No CFB Playoff expansion until 2026 season and why

(Photo by Tom Pennington/Getty Images)
(Photo by Tom Pennington/Getty Images) /

Not too many months ago, there was excitement about an expansion of the CFB Playoff to 12 teams. It was, in the parlance of many observers, close enough to an agreement to be defined as a done deal.

On Friday, Executive Director of the College Football Playoff, Bill Hancock announced the current format of a four team field will be maintained through the remaining seasons of its original playoff structure. That means nothing will change until the 2026 season.

Hancock added,

"… the Board expects the Management Committee to continue its discussions of a new format that would go into effect for the 2026-27 season.Even though the outcome did not lead to a recommendation for an early expansion before the end of the current 12-year contract, the discussions have been helpful and informative. I am sure they will serve as a useful guide for the Board of Managers and for the Management Committee as we determine what the Playoff will look like beginning in the 2026-2027 season."

Hancock’sExecutive Director position requires a positive spin. He may be the lone voice providing it. Others voices, inside the Board of Managers and Management Committee, will likely agree with the quick response of national media figures who label the expansion process a failure.

Back when the working group of Greg Sankey, Bob Bowlsby, Jack Swarbrick and Craig Thompson unveiled the 12-team format they labored over for a year – there was optimism. Few scoffed when it was said, that the change would not satisfy all individual parties, but in total, it was best for college football.

Ultimately, the ‘best for college football’ came out on the short end. We should not be surprised. College football and men’s basketball have become such valuable entertainment products, money drowns out other conversations.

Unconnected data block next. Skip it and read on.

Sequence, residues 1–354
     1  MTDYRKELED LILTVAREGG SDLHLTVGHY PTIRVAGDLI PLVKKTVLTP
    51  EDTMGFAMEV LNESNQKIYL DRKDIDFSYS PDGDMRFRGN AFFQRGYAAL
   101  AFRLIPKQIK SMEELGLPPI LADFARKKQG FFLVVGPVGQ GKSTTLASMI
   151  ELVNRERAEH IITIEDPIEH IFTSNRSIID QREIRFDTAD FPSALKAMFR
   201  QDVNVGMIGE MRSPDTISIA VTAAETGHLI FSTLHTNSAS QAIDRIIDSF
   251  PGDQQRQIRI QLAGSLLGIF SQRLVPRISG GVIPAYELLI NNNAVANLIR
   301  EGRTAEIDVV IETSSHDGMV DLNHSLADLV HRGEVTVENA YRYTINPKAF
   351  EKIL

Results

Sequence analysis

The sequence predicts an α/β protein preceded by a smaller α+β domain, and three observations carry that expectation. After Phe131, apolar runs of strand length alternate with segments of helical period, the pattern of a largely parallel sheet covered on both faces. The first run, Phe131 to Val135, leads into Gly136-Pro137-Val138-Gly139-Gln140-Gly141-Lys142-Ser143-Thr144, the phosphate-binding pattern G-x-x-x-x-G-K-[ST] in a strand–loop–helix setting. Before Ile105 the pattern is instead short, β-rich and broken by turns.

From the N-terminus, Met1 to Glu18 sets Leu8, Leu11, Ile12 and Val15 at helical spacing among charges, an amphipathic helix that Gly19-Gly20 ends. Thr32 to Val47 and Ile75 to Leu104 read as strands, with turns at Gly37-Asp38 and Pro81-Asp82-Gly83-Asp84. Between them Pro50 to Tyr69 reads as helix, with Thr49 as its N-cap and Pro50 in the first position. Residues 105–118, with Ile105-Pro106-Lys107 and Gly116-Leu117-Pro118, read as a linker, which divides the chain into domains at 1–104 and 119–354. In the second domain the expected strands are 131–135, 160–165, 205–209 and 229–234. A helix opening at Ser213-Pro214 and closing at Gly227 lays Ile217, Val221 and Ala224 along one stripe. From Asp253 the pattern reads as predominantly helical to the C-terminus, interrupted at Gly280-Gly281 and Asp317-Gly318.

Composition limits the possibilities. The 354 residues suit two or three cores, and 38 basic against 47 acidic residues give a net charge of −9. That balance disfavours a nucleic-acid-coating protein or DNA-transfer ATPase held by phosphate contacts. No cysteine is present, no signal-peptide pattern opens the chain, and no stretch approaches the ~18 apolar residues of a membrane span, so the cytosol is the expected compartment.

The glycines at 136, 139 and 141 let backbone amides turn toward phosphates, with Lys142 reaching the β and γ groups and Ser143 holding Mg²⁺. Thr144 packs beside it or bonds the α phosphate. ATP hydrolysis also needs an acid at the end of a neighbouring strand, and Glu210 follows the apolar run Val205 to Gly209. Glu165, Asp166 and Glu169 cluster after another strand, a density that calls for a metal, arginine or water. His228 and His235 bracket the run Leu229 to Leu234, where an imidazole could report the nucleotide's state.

CFB Playoff plans suffer from college football’s structure

Rather than focusing on institutional greed as the reason for the expansion plan’s failure, there is a different, less obvious reason. College football is structurally flawed. The NCAA is rightly assigned much of the blame, but college football has always been negatively influenced by self-interest, even before the NCAA was created.

Its structure is a constant obstacle to decision-making. The NFL has long been lauded for its smart, business decision to create and enforce parity in the league. When that NFL philosophy became a reality, could it have been accomplished if the NFL had 130 teams, as does college football’s FBS? In addition, what if 130 NFL teams had been represented by 10 lobbying groups whose primary purpose was to advance the self-interests of their ‘clients’.? Further what if the NFL had no Commissioner with enough authority to shape the decision-making direction of the 130+10 competing interests?

The belabored point is college football is structurally flawed. Because of that, doing what is in the ‘best interest’ of the game is impossible. That is especially true with the CFB Playoff due to the massive money involved.

Next. When we thought Playoff expansion was a done deal. dark

Optimism is a rightly favored default position. But optimism that college football, in its present form, can ‘fix’ itself might be naive.